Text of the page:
By the time he was dragging that big cross out through the gates in the wall around the city, he was already covered in blood. Slowly he climbed the path up the hill we call Golgotha. It’s a terrible place. Its name means “the place of the skull”. Nobody ever goes there unless they are in a crowd, or are taken there like this man, to die. It scares people. It is mostly used by the Romans for executions and whenever there is an execution everyone wants to come and see the show.

I’m not afraid of skull hill. I go there all the time. It’s the one place I can be alone. No one hassles me up there. It is quiet and feels strangely safe to me. But I also like to go there when there’s a crowd to watch the spectacle of death. The Romans really know how to make a person suffer.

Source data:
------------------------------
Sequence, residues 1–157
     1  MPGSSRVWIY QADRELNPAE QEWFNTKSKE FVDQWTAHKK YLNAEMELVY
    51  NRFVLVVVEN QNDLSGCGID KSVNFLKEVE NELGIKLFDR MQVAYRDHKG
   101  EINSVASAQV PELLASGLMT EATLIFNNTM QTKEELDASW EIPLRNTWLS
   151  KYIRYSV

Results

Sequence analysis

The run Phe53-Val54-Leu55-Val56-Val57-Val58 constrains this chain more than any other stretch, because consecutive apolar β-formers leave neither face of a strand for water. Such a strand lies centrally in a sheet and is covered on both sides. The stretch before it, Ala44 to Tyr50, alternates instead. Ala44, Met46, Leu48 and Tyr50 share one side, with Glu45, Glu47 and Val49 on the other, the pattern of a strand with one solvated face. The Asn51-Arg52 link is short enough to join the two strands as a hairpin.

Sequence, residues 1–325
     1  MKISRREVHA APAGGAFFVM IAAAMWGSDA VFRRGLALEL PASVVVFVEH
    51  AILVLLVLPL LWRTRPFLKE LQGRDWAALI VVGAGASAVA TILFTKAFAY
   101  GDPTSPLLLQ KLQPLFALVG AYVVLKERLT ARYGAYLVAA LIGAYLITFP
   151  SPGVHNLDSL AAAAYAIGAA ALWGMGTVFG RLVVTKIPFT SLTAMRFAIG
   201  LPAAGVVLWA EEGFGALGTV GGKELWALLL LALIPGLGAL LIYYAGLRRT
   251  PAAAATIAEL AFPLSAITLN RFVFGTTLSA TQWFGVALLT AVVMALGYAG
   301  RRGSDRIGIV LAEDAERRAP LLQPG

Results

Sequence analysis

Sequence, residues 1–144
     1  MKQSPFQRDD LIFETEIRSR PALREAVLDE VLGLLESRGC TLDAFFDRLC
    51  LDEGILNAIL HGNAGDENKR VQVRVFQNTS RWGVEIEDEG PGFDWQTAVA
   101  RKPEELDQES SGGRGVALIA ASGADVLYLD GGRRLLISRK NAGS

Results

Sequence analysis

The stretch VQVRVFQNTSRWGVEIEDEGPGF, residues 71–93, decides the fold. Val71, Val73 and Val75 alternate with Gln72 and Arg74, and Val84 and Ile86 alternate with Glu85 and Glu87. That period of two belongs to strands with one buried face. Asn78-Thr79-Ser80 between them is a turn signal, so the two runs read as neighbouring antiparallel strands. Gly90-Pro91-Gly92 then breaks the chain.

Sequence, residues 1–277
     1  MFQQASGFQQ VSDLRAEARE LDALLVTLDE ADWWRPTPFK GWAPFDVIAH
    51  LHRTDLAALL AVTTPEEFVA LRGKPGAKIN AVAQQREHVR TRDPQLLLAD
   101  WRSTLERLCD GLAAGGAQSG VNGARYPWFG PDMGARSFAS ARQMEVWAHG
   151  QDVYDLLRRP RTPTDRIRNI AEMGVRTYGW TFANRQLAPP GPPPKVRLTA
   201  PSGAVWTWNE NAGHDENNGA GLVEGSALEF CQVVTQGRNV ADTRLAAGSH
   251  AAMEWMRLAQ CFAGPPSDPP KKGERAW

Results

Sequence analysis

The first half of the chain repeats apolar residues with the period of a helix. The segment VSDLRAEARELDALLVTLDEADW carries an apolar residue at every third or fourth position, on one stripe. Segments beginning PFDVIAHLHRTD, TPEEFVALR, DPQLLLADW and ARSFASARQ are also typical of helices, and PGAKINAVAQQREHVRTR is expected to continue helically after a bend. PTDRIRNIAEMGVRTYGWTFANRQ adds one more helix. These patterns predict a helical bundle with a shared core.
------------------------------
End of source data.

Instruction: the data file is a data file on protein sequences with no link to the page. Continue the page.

On this day, there were three men who were going to die. The one everyone was interested in was the most beaten up and the weakest of the three. Someone told me his name was Jesus. And I figured he would die pretty fast once they got him up on that cross.

I watched the nails being pounded in, pinning him to the wood. I heard the dull thud as the cross dropped into the hole the soldiers had dug. I saw his body sag forward straining against the nails that held him in place. Then all that remained was to watch him die.

I stood beneath that cross and looked up at his battered body, with that weird crown of thorns stuck on his head. Some people said he was a king; but this was a really strange shattered kind of king.